Browse Tag

Louis Garrel

Chained for life: Bertolucci regrets rien in ‘The Dreamers’

[Originally written for Queen Anne/Magnolia News, 2004]

There is a moment in Bernardo Bertolucci’s Before the Revolution when the protagonist, the scion of an Italian noble family, learns that a friend has taken his own life. He had been speaking with the young man only hours before and declined his fervent proposal that they go again to see Howard Hawks’s Red River. Bertolucci cranes up and backs off from his hero; then his camera pivots on the young man’s figure, slowly describing 90 degrees of arc around him as he looks out at a changed world.

Keep Reading

Film Review: ‘Saint Laurent’

Gaspard Ulliel

You get only fleeting views of Yves Saint Laurent (Gaspard Ulliel) sketching designs and perfecting his fashions on his models—no mannequins in his house, only living bodies—in Bertrand Bonello’s biopic. In fact, most of the familiar beats are either trimmed or completely snipped out of this languorous, luxurious film.

Bonello focuses on just a few years of Saint Laurent’s life: 1967 through 1975, the height of his success and influence in the fashion world. There’s no backstory, no rising through the ranks, no breakthrough moment where he comes into his own. He’s already running his own fashion house when we jump into his life.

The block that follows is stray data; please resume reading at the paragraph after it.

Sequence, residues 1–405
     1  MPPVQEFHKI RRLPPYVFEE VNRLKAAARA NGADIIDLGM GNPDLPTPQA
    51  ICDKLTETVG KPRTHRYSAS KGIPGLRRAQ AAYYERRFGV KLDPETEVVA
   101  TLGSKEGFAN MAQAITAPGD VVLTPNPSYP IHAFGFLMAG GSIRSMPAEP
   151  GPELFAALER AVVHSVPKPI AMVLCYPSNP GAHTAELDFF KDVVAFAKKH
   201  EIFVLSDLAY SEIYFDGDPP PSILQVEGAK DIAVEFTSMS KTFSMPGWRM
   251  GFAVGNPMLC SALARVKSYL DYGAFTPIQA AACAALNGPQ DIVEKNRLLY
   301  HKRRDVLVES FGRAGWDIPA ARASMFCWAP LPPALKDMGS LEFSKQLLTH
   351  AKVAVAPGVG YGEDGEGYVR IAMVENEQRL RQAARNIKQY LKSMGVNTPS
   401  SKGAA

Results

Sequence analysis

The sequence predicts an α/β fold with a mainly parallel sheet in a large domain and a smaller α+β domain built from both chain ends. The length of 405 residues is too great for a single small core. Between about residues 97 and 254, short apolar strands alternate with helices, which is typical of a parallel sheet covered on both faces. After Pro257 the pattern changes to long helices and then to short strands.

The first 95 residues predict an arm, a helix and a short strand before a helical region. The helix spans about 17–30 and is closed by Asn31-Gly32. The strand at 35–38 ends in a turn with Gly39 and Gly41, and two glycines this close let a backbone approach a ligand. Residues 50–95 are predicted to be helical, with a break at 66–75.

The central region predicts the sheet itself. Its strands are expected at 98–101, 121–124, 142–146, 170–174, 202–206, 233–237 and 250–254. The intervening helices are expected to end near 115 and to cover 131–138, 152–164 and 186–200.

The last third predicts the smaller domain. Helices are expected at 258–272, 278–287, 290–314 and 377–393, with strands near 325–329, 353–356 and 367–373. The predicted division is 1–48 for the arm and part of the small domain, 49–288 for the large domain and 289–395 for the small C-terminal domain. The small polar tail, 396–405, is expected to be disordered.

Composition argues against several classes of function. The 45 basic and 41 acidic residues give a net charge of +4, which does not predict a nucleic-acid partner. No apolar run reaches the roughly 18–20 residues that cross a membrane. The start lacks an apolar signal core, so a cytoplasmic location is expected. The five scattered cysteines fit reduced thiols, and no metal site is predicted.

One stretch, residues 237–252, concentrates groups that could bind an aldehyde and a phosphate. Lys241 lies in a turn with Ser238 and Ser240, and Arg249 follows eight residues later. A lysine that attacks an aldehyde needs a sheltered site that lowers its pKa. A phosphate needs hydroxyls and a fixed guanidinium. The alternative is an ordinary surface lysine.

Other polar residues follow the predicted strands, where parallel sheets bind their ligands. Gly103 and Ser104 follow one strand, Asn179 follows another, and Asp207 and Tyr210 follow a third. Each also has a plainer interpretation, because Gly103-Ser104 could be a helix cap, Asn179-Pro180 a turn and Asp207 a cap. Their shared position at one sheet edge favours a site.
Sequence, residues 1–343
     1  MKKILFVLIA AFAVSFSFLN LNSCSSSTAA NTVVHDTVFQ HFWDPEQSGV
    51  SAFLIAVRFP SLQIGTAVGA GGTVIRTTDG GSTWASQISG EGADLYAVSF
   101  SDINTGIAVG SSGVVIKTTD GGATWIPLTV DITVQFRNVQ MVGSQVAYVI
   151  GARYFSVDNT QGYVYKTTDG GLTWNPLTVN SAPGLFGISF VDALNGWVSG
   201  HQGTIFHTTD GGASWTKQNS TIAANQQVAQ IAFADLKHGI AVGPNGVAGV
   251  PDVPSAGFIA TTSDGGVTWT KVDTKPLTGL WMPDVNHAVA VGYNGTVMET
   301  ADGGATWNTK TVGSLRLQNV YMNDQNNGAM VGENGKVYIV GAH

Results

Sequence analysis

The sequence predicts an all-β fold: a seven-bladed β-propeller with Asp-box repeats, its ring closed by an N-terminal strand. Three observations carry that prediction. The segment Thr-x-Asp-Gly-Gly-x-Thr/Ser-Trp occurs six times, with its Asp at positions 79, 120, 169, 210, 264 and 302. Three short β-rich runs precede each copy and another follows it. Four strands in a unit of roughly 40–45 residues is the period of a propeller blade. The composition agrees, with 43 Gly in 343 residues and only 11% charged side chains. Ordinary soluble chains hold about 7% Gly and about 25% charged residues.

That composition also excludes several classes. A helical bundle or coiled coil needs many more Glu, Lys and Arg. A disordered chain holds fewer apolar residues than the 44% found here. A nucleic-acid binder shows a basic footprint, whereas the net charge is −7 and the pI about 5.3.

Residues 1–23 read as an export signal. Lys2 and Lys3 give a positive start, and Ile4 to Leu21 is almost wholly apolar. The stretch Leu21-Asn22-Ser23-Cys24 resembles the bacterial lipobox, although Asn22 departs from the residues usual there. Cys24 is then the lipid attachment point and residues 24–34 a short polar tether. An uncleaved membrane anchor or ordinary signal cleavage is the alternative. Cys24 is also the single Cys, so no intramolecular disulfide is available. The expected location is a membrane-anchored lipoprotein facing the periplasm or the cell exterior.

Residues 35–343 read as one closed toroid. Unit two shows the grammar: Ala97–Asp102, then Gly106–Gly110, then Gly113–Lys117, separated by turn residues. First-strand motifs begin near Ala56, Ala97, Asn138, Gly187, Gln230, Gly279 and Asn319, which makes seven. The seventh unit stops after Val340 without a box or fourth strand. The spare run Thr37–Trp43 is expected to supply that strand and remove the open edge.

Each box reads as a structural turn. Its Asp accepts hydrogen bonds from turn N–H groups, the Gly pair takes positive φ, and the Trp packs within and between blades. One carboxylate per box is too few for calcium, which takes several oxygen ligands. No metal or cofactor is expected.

Continue reading at Seattle Weekly

Film Review: ‘Jealousy’

Olga Milshtein, Louis Garrel, and Anna Mouglalis

In the opening scene of Jealousy, a relationship comes to an end. Shaggy-haired actor Louis (Louis Garrel) is leaving his girlfriend Clothilde (Rebecca Convenant) as their young daughter Charlotte looks on. The moment isn’t hugely original, or even especially dramatic. It’s a thing that has to happen, and everyone knows it, and each person’s reaction is honored. Then we move on—but everything that happens after depends on this sequence. Louis goes to live with his new lover Claudia (Anna Mouglalis, the Chanel from the dreary Coco Chanel & Igor Stravinsky), herself an actress, albeit one who mysteriously hasn’t worked in six years. The design of veteran director Philippe Garrel (Louis is his son) takes all of this situation’s developments in stride—sometimes literally, as he likes walking scenes—as though observation, not manipulation, is his primary interest.

It lacks the clocklike inner workings of movies devoted to storytelling, but Jealousy does a lot of things right.

Continue reading at Seattle Weekly